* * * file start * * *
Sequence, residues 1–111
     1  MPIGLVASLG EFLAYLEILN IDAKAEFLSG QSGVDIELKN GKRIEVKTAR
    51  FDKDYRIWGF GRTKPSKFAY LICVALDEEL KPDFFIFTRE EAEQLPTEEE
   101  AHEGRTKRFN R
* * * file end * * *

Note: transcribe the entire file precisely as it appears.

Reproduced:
Sequence, residues 1–111
     1  MPIGLVASLG EFLAYLEILN IDAKAEFLSG QSGVDIELKN GKRIEVKTAR
    51  FDKDYRIWGF GRTKPSKFAY LICVALDEEL KPDFFIFTRE EAEQLPTEEE
   101  AHEGRTKRFN R